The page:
The Real Hitch-22

Atheists, like Christians, are not all the same. Atheists who dislike religion do not even dislike it for all the same reasons. Some hate the doctrines of eternal punishment, some hate the illogical arguments, some hate the stunting of free inquiry. Christopher Hitchens was an atheist who had, I thought, a somewhat novel reason for hating religion. Amidst a throng of scientifically-motivated hatred for supernatural explanations and superstition, Hitchens gave remarkably human reasons for his loathing of Christianity: he found it a totalitarian notion.

For Hitchens, the thought of an all-knowing, all-judging God was the thought of ¬†“living in a divine North Korea.” Our individual freedom squelched under a cosmic, rubber-glove-clad thumb. Our thoughts convicting us and sentencing us to death at the moment they stray from Big Brother’s demands. Our souls made sick by the one who commands us to be well, on pain of eternal torment.

Hitchens had a good point, and he did a good job of identifying a problem. But there is also a good counterpoint, and he didn’t do a good job of handling that. Herein lies the Hitch’s real Catch-22–he can either live in a divine North Korea, where an almighty God dictates every aspect of our lives, or he can live in a universe where the laws of nature dictate every aspect of our lives. There is no freedom to choose where one is born, to choose what one believes (apart from what one’s brains spits out upon being fed the input), to escape the arrangement of pleasures and pains that have been laid out for us. Is it a consolation to live in a divine North Korea where the throne is empty, but the soldiers nonetheless enforce the law, for nobody’s sake?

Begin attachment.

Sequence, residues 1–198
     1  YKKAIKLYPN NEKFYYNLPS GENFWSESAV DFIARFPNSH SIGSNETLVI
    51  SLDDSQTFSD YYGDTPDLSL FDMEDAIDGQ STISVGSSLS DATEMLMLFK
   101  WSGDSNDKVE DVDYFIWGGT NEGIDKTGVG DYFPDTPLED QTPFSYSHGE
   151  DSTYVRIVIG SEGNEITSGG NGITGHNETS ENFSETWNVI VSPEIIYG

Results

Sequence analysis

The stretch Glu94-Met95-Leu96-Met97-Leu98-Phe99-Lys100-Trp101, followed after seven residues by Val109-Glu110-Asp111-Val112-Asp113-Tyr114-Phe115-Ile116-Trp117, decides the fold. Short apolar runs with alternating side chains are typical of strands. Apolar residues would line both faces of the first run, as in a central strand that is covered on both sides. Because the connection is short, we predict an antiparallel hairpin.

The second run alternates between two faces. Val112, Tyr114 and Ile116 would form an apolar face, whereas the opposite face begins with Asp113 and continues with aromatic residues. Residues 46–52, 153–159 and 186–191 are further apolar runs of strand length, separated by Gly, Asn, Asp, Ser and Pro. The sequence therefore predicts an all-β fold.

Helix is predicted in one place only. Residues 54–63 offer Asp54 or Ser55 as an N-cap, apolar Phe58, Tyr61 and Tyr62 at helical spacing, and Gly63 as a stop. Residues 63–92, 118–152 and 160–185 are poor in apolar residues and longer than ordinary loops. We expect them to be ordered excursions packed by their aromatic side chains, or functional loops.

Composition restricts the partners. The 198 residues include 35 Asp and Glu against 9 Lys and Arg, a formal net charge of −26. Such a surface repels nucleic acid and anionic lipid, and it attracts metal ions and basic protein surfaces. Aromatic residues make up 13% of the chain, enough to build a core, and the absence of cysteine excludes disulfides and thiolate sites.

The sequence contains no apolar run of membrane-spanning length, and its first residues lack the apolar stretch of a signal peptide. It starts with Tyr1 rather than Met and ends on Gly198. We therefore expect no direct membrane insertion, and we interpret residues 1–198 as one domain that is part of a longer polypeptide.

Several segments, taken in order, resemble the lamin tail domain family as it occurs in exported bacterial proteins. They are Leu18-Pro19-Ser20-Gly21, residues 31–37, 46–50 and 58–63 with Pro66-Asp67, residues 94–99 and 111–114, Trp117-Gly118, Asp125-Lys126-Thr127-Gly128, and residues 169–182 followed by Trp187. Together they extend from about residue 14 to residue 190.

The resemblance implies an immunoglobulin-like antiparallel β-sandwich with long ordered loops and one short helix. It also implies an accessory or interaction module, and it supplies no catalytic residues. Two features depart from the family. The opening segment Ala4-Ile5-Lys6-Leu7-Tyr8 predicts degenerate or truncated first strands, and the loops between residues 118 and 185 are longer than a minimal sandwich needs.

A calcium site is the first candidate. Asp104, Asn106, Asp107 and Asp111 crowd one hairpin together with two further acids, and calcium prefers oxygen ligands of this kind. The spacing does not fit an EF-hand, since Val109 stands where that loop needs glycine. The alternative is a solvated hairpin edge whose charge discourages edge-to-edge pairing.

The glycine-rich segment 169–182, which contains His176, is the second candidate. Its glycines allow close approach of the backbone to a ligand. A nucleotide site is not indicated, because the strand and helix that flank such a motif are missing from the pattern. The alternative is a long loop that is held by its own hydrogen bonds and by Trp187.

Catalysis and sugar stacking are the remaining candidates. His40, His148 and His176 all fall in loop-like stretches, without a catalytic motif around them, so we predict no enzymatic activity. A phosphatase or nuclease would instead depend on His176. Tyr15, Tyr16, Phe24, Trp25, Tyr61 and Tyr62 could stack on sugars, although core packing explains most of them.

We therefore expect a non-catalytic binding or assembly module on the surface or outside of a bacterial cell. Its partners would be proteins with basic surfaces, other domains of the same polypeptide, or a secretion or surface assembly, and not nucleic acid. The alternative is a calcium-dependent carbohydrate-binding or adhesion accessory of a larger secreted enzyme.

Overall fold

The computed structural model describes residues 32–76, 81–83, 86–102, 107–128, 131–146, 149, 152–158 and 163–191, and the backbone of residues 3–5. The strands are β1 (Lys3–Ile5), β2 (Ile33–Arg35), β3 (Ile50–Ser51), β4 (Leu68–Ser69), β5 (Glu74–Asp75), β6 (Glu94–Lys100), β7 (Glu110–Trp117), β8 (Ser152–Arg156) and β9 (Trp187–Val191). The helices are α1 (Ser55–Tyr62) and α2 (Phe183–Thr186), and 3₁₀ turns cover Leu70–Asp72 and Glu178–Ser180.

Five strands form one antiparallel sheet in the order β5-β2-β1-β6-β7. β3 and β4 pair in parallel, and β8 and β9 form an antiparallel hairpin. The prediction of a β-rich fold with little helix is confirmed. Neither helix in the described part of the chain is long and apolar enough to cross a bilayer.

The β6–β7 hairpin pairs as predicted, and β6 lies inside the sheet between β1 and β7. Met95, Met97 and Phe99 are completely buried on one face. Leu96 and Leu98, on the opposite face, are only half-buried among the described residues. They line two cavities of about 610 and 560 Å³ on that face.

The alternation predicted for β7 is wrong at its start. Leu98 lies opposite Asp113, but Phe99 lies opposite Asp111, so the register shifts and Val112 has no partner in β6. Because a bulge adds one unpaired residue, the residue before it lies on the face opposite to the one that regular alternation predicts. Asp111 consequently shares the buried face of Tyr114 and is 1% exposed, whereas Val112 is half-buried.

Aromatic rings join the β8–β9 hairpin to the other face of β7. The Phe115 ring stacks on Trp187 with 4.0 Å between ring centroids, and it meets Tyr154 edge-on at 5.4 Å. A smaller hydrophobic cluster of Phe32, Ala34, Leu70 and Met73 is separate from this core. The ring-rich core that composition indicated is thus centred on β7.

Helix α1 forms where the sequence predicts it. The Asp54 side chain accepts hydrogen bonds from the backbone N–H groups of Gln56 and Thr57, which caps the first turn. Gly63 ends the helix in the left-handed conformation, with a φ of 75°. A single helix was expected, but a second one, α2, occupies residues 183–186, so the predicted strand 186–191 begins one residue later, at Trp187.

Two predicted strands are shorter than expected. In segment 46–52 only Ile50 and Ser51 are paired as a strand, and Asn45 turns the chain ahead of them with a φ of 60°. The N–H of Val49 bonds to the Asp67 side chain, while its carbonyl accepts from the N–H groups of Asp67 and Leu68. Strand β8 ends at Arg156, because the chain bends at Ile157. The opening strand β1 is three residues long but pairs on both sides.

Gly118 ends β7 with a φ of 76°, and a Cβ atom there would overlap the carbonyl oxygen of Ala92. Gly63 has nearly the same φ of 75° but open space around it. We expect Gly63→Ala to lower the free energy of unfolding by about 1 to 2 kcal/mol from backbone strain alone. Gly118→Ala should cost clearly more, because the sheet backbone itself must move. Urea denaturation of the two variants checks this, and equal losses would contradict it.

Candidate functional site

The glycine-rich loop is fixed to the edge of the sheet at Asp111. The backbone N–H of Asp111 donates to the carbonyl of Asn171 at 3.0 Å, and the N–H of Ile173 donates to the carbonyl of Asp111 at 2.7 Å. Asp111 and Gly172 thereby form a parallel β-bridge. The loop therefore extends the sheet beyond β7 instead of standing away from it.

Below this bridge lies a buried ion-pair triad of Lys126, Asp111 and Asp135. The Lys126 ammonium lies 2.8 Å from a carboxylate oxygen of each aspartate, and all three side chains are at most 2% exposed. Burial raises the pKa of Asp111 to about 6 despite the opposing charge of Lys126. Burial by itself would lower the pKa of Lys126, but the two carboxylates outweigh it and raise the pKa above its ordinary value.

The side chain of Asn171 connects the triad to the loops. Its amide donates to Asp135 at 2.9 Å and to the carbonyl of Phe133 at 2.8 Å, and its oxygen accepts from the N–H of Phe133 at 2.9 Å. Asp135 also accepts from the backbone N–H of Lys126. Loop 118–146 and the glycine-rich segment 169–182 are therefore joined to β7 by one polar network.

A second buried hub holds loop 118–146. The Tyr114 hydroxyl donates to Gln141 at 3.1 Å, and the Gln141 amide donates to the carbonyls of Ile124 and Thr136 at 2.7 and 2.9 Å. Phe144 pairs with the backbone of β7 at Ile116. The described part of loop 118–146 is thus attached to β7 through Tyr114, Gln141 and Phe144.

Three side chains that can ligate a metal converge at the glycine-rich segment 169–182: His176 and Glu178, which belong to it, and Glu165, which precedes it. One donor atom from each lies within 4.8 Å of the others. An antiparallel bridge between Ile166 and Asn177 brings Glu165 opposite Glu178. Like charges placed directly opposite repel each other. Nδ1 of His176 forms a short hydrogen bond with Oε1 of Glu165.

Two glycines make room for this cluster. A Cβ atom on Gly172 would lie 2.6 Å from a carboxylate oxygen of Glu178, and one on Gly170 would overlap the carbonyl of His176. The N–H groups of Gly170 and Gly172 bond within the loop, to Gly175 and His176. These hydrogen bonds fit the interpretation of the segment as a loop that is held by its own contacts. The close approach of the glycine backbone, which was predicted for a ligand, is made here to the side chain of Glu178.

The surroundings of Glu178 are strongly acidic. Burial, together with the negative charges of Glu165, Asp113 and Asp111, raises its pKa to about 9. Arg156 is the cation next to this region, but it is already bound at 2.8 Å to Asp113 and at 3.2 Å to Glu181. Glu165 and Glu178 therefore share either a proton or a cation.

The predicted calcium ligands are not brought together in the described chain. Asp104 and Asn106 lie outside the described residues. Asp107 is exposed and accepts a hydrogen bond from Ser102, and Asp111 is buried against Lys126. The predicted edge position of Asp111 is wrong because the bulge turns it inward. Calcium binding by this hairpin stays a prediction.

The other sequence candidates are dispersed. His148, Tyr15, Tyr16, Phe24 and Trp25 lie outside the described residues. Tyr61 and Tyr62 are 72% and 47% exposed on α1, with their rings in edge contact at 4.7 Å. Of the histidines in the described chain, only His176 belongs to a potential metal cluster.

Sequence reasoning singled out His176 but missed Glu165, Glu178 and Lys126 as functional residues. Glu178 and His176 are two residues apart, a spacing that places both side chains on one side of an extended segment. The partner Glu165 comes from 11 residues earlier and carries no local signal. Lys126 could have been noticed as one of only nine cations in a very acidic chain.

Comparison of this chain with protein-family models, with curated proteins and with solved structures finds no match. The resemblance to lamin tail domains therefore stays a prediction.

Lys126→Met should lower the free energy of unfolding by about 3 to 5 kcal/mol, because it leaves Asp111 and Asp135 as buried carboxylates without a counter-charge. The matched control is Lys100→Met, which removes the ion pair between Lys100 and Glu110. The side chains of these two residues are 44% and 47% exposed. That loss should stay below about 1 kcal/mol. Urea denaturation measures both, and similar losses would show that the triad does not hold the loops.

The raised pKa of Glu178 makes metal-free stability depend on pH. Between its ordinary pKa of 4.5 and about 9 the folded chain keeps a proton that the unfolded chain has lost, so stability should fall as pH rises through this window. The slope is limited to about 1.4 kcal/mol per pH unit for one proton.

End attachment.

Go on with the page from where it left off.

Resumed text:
The problem here seems to be determinism. It is not immediately obvious which flavour is more difficult to swallow. I find it terrible to think that there is nobody to help us, to put a cushion at the bottom of (some of) our deterministic paths. Hitchens finds it terrible to think that someone might have done this to us, on purpose, in the first place. Perhaps, as the philosophers say, there is no space between the horns.


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